Prenatal personal PAH assessment. Personal monitoring was carried out during the third trimester of pregnancy as previously described (Perera et al. 2003). Vapors and particles of ≤ 2.5 µm in diameter were collected on a precleaned quartz microfiber filter and a precleaned polyurethane foam (PUF) cartridge backup (University Research Glassware, Chapel Hill, NC). The samples were analyzed at Southwest Research Institute (SWRI) for BaP, benz[a]anthracene, chrysene, benzo[b]fluroanthene, benzo[k]fluroanthene, indeno[1,2,3-cd]pyrene, dibenz[a,h]anthracene, and benzo[g,h,i]perylene. For quality control (QC), each personal monitoring result was assessed for accuracy in flow rate, time, and completeness of documentation. Samples not meeting QC criteria for adequacy were not included in the analysis.

We validated 48-hr personal monitoring as an indicator of longer-term, integrated exposure in two ways. In a subset of the NYC cohort (n = 84), indoor air was monitored over 6 weeks during the third trimester concurrent with the personal air monitoring: The prenatal personal air concentrations were significantly correlated with indoor levels of PAH (sum of the 8 PAH) (r = 0.58, p-value < 0.001) (Rundle et al. 2012). In addition, among a subset of pregnant women (n = 80) participating in a parallel birth cohort study in Poland and simultaneously monitored for personal, indoor, and outdoor airborne PAH, all three measurements were found to be highly correlated (pair-wise Spearman’s coefficients ≥ 0.84, p < 0.01) (Choi et al. 2008), supporting the use of personal monitoring to integrate indoor and outdoor exposure. A caveat is that the air concentrations of PAH in the Polish study were 10 times higher than in the NYC cohort (Jedrychowski et al. 2005).

Biomarkers. Adducts in white blood cells reflect individual variation in exposure, absorption, metabolic activation, and DNA repair, providing a biological dosimeter and marker of potential risk. We collected umbilical cord blood at delivery and maternal blood (30–35 mL) generally on the first day after delivery and transported the samples to the CCCEH Molecular Epidemiology Laboratory within several hours of collection. The buffy coat, packed red blood cells, and plasma were separated and stored at –70°C. BaP–DNA adducts in extracted white blood cell DNA were analyzed using the high performance liquid chromatography (HPLC)/fluorescence method of Alexandrov et al. (1992), which detects BaP tetraols. The method has been described previously (Perera et al. 2004).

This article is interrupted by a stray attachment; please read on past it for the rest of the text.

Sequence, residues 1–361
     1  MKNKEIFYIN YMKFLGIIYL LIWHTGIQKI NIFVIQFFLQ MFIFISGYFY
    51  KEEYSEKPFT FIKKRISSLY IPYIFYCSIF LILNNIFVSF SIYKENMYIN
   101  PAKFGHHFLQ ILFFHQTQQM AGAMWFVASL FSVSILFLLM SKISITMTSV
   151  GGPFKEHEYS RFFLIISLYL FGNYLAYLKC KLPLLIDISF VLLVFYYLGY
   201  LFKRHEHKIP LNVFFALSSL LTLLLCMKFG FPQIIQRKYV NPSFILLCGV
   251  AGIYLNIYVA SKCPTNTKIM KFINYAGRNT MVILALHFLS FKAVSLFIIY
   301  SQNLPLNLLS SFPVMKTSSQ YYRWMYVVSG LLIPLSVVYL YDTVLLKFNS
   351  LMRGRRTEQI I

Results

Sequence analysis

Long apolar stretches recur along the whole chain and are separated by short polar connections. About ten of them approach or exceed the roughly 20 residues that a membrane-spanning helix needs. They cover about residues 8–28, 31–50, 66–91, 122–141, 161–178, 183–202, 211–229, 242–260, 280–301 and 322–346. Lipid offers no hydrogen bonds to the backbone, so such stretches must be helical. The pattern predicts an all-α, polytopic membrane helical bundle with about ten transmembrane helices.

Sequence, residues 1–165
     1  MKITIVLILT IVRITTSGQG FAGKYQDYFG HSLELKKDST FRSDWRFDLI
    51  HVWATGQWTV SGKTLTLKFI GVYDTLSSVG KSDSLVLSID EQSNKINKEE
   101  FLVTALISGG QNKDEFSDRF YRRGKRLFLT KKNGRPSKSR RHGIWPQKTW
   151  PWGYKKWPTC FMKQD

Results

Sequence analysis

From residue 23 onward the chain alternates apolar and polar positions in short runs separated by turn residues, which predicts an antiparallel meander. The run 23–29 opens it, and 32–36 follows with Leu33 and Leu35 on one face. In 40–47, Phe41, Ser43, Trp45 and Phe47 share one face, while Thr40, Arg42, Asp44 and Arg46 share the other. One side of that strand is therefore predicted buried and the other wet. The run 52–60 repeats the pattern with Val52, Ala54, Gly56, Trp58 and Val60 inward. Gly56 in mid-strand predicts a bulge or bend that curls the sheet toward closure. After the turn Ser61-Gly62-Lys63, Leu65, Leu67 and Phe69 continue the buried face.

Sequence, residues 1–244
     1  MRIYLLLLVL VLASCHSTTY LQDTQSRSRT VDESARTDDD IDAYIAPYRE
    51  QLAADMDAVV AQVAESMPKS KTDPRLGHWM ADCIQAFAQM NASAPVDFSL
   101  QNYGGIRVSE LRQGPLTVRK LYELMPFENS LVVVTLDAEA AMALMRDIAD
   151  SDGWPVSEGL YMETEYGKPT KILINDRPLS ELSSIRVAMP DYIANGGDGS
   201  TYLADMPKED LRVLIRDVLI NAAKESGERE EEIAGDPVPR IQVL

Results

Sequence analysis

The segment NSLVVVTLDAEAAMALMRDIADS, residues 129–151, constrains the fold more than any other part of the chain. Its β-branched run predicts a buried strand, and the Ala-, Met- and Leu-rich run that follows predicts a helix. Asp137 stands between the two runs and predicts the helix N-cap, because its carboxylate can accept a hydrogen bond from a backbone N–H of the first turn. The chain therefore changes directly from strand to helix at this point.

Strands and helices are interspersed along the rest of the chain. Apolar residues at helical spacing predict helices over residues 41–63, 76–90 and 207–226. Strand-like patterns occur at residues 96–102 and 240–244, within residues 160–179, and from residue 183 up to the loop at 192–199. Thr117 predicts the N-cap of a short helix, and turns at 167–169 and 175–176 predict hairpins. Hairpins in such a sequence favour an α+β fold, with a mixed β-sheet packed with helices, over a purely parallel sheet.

Behavioral outcomes. The CBCL is a widely used instrument shown to be sensitive to diverse prenatal environmental exposures, including stress events, smoking during pregnancy, and exposure to various pollutants (Axtell et al. 2000; Rauh et al. 2006; Robinson et al. 2008; Wasserman et al. 2001). Research workers trained in neurodevelopmental testing administered the 118-item CBCL for children 6–18 years of age (Achenbach and Rescorla 2001) to the mothers in English or Spanish. Specifically, the mothers completed the CBCL with guidance as needed from the research workers. The syndrome scores were computed for the two a priori domains of interest (Anxious/Depressed and Attention Problems) by summing the scores on the specific items, yielding a continuous raw score. The raw scores were also converted to standardized T-scores, generated according to the procedure of Abramowitz and Stegun (1968). The T-score is truncated (Petersen et al. 1989): A score of 50 is assigned to those with percentiles of raw scores ≤ 50 based on a reference population (Achenbach and Rescorla 2001), whereas children with raw score percentiles > 50 are assigned an actual T-score.